Lecture 6

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University of Toronto St. George
Ecology & Evolutionary Biology
James Eckenwalder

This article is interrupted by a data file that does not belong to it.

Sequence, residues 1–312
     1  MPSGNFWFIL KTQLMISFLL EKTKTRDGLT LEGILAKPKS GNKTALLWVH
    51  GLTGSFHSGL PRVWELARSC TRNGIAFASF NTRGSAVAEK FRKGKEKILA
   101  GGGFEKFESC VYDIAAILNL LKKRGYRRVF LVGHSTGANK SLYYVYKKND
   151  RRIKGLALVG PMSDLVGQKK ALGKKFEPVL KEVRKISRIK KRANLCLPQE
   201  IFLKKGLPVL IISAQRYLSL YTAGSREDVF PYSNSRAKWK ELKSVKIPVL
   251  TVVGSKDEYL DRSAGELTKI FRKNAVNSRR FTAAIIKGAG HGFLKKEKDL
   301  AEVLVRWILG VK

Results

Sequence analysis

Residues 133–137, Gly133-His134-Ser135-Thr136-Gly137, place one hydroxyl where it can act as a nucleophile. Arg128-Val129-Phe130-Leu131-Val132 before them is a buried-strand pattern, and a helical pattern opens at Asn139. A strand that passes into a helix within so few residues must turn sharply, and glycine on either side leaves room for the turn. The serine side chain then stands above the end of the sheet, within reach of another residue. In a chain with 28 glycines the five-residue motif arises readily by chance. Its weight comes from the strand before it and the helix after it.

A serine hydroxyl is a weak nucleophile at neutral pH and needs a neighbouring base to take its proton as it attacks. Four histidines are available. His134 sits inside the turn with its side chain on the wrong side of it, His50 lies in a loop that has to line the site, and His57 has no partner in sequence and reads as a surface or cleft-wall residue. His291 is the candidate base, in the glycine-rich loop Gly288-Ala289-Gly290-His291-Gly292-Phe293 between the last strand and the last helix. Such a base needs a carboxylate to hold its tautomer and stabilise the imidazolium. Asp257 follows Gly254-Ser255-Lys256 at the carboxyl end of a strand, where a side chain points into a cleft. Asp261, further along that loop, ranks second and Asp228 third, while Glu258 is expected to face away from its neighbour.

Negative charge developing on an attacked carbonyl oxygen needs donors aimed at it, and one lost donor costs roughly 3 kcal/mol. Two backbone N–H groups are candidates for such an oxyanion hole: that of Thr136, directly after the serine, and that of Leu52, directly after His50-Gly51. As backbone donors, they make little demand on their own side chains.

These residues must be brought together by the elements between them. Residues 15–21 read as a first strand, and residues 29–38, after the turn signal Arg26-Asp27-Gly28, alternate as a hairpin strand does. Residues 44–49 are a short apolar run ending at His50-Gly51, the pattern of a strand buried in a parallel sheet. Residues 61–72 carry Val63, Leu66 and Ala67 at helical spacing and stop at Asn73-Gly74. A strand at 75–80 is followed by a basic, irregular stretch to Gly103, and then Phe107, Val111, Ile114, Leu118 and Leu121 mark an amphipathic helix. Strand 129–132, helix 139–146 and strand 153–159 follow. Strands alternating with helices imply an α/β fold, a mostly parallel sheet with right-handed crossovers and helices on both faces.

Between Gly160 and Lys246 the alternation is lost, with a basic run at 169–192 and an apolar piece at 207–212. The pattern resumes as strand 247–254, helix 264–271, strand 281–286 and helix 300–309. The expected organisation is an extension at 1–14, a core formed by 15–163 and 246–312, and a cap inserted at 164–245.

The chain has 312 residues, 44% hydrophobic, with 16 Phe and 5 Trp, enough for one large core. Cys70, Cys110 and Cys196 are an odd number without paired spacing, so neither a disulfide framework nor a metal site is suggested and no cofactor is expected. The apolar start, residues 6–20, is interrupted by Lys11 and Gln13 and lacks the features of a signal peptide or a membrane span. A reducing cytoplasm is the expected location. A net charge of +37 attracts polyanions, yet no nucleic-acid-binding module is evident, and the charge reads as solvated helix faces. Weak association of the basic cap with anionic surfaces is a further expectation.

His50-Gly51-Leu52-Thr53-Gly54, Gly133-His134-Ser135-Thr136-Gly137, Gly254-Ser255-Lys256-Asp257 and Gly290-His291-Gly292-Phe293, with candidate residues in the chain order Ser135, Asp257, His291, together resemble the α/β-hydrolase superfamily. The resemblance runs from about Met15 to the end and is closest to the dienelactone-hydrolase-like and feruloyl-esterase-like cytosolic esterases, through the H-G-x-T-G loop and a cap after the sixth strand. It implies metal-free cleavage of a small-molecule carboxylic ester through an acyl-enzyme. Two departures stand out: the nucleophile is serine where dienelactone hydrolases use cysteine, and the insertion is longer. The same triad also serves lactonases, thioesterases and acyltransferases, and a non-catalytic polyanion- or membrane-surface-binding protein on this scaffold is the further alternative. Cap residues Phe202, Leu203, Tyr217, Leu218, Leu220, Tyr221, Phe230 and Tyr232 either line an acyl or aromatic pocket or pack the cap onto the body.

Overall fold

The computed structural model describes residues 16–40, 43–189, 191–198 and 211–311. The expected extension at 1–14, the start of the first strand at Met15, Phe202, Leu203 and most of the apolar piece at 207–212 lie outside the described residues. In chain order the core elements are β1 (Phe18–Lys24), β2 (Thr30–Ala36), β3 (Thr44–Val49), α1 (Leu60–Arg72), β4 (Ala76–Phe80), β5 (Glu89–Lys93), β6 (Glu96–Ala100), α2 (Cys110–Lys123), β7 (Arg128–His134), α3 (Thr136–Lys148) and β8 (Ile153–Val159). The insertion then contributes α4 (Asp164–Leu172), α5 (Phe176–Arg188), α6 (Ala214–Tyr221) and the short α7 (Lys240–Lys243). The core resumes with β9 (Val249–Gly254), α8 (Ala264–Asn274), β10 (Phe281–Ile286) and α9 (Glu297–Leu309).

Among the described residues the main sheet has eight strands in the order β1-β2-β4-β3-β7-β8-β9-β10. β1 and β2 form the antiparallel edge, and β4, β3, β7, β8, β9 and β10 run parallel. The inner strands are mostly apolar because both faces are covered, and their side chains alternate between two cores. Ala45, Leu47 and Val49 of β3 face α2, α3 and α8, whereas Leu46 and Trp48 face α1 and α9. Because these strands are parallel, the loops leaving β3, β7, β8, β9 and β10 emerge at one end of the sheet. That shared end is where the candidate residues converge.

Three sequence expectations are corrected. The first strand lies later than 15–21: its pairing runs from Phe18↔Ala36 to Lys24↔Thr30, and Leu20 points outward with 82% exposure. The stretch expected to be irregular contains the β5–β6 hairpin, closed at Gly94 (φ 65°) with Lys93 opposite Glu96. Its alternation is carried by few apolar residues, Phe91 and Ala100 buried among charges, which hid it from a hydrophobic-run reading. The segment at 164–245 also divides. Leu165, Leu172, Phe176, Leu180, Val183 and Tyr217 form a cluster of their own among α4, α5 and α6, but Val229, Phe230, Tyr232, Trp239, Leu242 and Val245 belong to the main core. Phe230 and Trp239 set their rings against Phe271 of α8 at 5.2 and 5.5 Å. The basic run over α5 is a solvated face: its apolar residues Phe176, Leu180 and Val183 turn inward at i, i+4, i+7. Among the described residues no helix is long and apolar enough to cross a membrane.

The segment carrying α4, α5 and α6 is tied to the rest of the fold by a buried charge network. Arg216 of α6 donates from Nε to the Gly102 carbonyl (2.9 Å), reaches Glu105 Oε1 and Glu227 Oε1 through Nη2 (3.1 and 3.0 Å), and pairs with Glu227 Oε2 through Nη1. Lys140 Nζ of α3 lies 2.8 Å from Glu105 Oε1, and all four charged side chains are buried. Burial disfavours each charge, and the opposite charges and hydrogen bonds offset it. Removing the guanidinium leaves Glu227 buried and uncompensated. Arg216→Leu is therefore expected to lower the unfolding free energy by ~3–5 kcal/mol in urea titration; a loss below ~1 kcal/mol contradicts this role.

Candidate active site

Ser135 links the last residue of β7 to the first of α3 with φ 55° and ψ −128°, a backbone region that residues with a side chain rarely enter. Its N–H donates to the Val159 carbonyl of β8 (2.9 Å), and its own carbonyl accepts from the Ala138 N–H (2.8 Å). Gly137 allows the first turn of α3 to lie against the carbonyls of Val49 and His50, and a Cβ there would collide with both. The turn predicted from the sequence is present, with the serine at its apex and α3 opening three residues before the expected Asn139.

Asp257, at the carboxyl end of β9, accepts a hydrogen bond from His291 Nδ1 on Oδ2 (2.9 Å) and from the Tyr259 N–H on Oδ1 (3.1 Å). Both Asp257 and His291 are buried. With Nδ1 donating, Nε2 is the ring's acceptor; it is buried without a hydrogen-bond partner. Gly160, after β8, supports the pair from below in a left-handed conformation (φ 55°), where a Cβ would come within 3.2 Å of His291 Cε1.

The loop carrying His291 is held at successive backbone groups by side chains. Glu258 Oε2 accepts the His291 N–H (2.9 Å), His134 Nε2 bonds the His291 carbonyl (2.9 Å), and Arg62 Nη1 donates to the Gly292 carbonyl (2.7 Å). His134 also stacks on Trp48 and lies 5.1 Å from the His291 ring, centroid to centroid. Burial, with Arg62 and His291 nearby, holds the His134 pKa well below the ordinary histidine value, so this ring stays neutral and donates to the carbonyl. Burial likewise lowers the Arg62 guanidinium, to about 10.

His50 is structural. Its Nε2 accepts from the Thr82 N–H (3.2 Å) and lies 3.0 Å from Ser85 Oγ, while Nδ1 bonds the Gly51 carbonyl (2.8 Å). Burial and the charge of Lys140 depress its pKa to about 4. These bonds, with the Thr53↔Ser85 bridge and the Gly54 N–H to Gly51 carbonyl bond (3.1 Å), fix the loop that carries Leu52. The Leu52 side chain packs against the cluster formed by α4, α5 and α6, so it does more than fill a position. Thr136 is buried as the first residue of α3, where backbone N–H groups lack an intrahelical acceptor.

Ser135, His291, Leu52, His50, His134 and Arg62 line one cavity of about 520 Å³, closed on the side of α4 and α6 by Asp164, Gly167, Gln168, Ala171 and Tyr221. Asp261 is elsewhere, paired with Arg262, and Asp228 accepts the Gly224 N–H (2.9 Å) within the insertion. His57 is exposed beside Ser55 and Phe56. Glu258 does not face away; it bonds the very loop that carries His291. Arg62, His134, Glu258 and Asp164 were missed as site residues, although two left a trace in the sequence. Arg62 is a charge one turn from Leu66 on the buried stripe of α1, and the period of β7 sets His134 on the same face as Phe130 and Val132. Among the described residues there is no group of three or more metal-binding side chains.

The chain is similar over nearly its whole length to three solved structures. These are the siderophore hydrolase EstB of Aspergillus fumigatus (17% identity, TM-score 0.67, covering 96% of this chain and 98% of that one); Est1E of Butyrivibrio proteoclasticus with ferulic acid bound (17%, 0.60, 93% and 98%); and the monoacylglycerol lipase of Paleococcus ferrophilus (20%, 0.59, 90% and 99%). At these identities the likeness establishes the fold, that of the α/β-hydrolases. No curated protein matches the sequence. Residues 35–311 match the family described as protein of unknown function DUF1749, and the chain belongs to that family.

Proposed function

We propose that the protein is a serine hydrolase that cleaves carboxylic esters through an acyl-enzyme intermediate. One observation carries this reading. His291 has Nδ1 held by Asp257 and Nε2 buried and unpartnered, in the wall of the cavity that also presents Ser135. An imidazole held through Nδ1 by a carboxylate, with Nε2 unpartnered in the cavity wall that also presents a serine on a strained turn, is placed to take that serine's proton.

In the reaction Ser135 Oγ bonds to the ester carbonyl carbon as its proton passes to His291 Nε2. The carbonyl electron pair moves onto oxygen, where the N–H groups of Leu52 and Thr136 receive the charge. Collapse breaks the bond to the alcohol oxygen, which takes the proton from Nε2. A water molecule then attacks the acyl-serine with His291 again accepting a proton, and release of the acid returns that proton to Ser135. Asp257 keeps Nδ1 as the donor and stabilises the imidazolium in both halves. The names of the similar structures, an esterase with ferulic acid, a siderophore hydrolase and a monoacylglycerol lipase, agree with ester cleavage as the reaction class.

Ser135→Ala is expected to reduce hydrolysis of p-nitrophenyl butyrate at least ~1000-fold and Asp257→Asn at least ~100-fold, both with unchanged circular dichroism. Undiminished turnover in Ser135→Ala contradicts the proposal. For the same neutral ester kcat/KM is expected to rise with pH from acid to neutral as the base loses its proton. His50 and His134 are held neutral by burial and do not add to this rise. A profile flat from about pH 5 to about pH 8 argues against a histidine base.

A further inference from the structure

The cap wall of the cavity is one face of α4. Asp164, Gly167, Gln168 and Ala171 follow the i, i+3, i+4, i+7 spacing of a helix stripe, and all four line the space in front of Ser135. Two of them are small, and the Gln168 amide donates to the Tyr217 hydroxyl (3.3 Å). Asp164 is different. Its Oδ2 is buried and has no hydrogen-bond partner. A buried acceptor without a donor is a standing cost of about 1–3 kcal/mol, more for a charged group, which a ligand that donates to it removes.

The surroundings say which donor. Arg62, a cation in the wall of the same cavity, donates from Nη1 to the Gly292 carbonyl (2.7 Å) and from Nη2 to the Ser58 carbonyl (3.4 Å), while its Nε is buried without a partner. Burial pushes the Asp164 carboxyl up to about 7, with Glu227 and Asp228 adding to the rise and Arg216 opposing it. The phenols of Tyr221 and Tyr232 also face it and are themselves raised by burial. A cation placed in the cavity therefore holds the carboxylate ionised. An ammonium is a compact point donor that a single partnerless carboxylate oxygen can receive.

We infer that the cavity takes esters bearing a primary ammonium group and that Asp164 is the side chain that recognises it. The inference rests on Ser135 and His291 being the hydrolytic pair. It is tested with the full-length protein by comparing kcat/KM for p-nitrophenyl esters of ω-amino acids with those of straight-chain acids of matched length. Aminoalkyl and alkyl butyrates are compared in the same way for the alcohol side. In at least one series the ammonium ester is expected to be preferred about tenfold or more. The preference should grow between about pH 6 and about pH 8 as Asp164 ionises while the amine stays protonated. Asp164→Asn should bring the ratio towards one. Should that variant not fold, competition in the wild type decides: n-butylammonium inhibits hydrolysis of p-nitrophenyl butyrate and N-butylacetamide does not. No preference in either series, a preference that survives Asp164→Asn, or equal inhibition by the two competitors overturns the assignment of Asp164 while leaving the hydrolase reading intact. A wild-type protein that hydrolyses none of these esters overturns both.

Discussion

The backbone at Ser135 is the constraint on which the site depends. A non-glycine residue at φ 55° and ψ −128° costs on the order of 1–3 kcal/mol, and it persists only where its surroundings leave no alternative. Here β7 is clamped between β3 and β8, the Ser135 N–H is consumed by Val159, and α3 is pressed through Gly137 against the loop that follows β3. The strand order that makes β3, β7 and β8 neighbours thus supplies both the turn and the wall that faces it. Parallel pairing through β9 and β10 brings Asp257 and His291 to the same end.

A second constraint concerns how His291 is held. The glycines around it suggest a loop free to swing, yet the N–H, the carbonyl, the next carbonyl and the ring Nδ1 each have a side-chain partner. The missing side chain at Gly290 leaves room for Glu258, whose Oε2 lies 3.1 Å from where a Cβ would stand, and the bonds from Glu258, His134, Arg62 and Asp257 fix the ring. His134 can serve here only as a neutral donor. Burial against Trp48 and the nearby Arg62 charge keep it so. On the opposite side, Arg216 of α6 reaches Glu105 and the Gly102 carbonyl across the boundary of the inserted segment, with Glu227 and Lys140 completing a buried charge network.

EEB330H1 S Systematic Botany - James Eckenwalder Lecture 6 January 31, 2013 Polymomials Generic Diagnosis Term Test Information Short answer questions Names of things and listing them Know ranks - which ranks are required and which are extras, no made up ones like cohorts. Differences in endings between algae and fungi and other plants. Know the plants that Linnaeus used in his ranks. Terminology heavy test. Know the terminology from handouts that was used. Draw one or two leaves based on the description Know the contents of the handouts that we're given. Know the periods of taxonomy and what is happening in these periods. Know the names that are used for the periods. Remember the prominent names of each period. There can be true and false, mix and match, etc. Possibly know definitions. Think how folk biological classifications relate to scientific taxonomy. How does Linnaeus bridge them? History of Taxonomy Natural systems (19th Century) - de Jussieus were very important, where their arrangement began in the botanical garden. De Candolles in Switzerland were also key players. Alphonse carried the world flora idea by Linnaeus but he made the first real monographs appear under his leadership. Natural systems were based on inherent and natural classifications. Natural theology - the underlying systems were God. In the natural systems, there were fairly standardized big chunks of angiosperms. Most groups/systems recognized monocotyledonae as a group (ex. Palm trees, usually has one seed, parallel veins, and their flower parts come in threes). Dicotyledons have two in their seeds. They usually have branching veins that hook into networks, and their flower parts are in fours and fives. Dicotyledons were subdivided into Apetalae (no petals), monochlamydeae (unisexual flowers), choripetalae (plants were perfect flowers with both male and female parts; petals are separate from one another: split into apocarpus (carpals were made into separate pistols like raspberries and blackberries) and syncarpus (individual parts are congealed to a single pistol. Sympetalae have side to side attached petals (separated into groups with superior and inferior). Within these groups, there were orders, described generally
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